The ongoing culture war in Korea rages on.
South Korean activist Park Sang-hak says he plans to use helium-filled balloons to carpet bomb North Korea with DVD and USB copies of The Interview starting as early as this month, according to ABC News.
South Korean newspaper Chosun Ilbo reports that a three-star general in North Korea has been tasked with stopping the latest battle in the culture war. The general is assisted by a dozen or so officials who have launched a taskforce. Senior security officials, police officers, border guards, and a squadron in charge of cracking down on foreign media content have been told to block the smuggling of the film.
"The regime has started cracking down on the black market, while keeping close watch on smugglers in the border area," the source told the newspaper. "Officials are visiting homes and checking computers and DVD players."
Sony Pictures canceled the theatrical release of The Interview on Dec. 17 after a month long release of hacked information about the company and amid threats of a terrorist attack on theaters that showed the film. President Obama later said the decision disappointed him. On Dec. 23 Sony Pictures announced that the film would have a limited release on Christmas Day.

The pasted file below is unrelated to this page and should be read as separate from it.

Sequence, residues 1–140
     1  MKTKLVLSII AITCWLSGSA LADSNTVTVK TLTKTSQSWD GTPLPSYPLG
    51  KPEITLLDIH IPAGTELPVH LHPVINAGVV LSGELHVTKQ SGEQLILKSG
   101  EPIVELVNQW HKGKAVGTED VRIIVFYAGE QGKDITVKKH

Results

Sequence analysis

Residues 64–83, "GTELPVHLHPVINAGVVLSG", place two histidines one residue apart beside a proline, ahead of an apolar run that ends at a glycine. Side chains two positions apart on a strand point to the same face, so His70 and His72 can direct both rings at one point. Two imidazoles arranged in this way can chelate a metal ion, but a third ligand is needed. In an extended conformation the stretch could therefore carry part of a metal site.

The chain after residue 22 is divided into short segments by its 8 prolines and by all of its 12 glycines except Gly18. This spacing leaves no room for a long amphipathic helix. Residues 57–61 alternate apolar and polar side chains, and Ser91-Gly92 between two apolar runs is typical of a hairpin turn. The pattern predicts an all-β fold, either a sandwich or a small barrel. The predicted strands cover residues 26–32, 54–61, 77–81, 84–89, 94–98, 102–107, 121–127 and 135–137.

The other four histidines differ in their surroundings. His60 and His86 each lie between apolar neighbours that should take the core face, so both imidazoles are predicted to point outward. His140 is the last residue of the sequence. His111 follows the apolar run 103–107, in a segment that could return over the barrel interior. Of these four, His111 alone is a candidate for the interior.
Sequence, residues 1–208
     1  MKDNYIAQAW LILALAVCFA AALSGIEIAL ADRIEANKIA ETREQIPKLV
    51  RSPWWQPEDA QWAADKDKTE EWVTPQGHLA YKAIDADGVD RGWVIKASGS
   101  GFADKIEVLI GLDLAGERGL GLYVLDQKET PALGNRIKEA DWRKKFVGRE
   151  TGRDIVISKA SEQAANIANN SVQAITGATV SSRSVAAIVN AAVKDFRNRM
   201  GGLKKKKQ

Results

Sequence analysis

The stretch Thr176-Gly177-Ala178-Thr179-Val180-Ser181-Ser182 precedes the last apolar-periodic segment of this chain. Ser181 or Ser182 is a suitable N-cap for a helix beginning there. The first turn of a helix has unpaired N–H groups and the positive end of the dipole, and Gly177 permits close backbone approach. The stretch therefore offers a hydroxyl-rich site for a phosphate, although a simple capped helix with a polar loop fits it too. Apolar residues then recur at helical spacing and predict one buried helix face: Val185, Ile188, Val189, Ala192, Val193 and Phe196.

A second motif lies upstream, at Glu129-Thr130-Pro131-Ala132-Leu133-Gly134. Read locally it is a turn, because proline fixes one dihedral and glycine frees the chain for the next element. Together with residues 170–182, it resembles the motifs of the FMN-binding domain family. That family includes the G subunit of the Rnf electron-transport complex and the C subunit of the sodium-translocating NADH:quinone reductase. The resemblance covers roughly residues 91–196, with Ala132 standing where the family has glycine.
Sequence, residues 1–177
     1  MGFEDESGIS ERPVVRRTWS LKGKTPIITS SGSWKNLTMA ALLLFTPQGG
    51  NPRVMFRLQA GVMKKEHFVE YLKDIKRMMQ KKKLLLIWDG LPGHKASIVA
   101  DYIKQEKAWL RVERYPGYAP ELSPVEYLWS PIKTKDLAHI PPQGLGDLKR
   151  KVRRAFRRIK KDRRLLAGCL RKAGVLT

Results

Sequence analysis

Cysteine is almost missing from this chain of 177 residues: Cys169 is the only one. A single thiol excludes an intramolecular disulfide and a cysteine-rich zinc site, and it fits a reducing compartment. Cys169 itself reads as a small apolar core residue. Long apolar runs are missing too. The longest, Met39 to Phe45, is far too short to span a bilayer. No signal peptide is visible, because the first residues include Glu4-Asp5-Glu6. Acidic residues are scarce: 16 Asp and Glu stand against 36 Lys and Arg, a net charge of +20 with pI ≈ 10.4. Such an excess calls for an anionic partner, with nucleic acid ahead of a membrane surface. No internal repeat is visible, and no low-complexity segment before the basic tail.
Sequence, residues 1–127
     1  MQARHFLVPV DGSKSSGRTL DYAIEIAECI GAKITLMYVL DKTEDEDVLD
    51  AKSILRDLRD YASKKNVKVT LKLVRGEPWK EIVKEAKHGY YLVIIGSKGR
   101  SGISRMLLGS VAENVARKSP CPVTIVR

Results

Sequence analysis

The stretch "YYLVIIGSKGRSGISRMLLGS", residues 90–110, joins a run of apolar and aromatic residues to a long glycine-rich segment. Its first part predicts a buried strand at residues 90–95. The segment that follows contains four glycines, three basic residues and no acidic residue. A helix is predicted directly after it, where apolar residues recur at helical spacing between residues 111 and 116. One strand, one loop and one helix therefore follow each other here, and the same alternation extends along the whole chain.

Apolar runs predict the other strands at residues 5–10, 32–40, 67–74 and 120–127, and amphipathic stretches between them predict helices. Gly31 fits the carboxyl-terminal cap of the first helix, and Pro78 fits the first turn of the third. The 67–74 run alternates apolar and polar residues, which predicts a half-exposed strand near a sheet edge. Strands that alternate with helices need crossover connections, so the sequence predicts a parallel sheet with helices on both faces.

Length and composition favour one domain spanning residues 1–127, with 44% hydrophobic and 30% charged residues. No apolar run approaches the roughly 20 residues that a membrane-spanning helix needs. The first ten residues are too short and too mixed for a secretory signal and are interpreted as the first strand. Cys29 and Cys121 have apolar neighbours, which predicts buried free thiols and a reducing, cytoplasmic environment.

The FBI has said that North Korea was behind both the hack attack on Sony and the threats connected to the movie. North Korean officials have denied that.
Park, a North Korean defector, said his balloon lift for the movies will be done in conjunction with the U.S.-based non-profit Human Rights Foundation. The group is paying for Korean subtitles for the movie.
The copies will be brought to South Korea around Jan. 20, according to ABC, and shortly thereafter the group will try to float the first wave of balloons into North Korea.
The group and Park have long used giant balloons to carry propaganda into North Korea.
To read more on how a movie is part of what some call a culture war, check out my column on movies, video games and the alleged "soft war" against America's enemies.